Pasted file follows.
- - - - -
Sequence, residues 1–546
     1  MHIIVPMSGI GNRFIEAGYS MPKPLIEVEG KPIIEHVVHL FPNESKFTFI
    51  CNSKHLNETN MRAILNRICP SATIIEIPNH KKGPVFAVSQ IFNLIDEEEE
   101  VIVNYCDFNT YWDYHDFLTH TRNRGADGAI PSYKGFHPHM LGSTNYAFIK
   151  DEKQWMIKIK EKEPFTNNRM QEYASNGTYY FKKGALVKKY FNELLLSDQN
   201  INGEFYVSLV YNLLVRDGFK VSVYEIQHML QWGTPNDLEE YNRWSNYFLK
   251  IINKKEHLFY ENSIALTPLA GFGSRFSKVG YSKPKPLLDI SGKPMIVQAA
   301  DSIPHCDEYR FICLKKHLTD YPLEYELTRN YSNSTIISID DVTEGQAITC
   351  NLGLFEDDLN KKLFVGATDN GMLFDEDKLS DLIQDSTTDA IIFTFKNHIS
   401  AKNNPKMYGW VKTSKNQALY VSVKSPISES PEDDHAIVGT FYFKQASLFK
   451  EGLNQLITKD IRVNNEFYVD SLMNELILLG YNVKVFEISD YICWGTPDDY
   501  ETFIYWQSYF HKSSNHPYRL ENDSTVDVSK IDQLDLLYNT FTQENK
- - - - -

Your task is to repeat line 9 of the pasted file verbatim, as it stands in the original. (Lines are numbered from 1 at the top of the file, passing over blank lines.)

   351  NLGLFEDDLN KKLFVGATDN GMLFDEDKLS DLIQDSTTDA IIFTFKNHIS